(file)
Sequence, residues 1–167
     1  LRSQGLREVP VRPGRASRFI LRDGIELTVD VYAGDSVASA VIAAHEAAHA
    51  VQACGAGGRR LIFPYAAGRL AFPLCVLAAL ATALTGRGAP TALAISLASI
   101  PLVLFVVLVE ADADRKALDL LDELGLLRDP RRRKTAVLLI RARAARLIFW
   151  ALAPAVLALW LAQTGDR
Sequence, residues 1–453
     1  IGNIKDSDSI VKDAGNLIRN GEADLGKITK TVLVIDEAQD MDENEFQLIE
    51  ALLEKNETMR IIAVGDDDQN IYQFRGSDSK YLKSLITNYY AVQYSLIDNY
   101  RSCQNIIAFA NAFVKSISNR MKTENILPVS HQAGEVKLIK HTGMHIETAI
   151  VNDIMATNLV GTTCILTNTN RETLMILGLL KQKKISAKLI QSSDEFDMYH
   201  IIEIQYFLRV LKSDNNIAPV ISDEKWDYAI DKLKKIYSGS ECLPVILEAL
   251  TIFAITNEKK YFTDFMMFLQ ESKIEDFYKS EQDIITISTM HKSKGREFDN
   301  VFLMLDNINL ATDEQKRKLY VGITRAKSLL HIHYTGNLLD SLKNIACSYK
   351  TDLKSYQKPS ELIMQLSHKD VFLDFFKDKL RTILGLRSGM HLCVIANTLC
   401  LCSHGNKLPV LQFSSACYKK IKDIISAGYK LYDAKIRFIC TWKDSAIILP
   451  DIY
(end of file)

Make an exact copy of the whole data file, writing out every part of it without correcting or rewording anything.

Sequence, residues 1–167
     1  LRSQGLREVP VRPGRASRFI LRDGIELTVD VYAGDSVASA VIAAHEAAHA
    51  VQACGAGGRR LIFPYAAGRL AFPLCVLAAL ATALTGRGAP TALAISLASI
   101  PLVLFVVLVE ADADRKALDL LDELGLLRDP RRRKTAVLLI RARAARLIFW
   151  ALAPAVLALW LAQTGDR
Sequence, residues 1–453
     1  IGNIKDSDSI VKDAGNLIRN GEADLGKITK TVLVIDEAQD MDENEFQLIE
    51  ALLEKNETMR IIAVGDDDQN IYQFRGSDSK YLKSLITNYY AVQYSLIDNY
   101  RSCQNIIAFA NAFVKSISNR MKTENILPVS HQAGEVKLIK HTGMHIETAI
   151  VNDIMATNLV GTTCILTNTN RETLMILGLL KQKKISAKLI QSSDEFDMYH
   201  IIEIQYFLRV LKSDNNIAPV ISDEKWDYAI DKLKKIYSGS ECLPVILEAL
   251  TIFAITNEKK YFTDFMMFLQ ESKIEDFYKS EQDIITISTM HKSKGREFDN
   301  VFLMLDNINL ATDEQKRKLY VGITRAKSLL HIHYTGNLLD SLKNIACSYK
   351  TDLKSYQKPS ELIMQLSHKD VFLDFFKDKL RTILGLRSGM HLCVIANTLC
   401  LCSHGNKLPV LQFSSACYKK IKDIISAGYK LYDAKIRFIC TWKDSAIILP
   451  DIY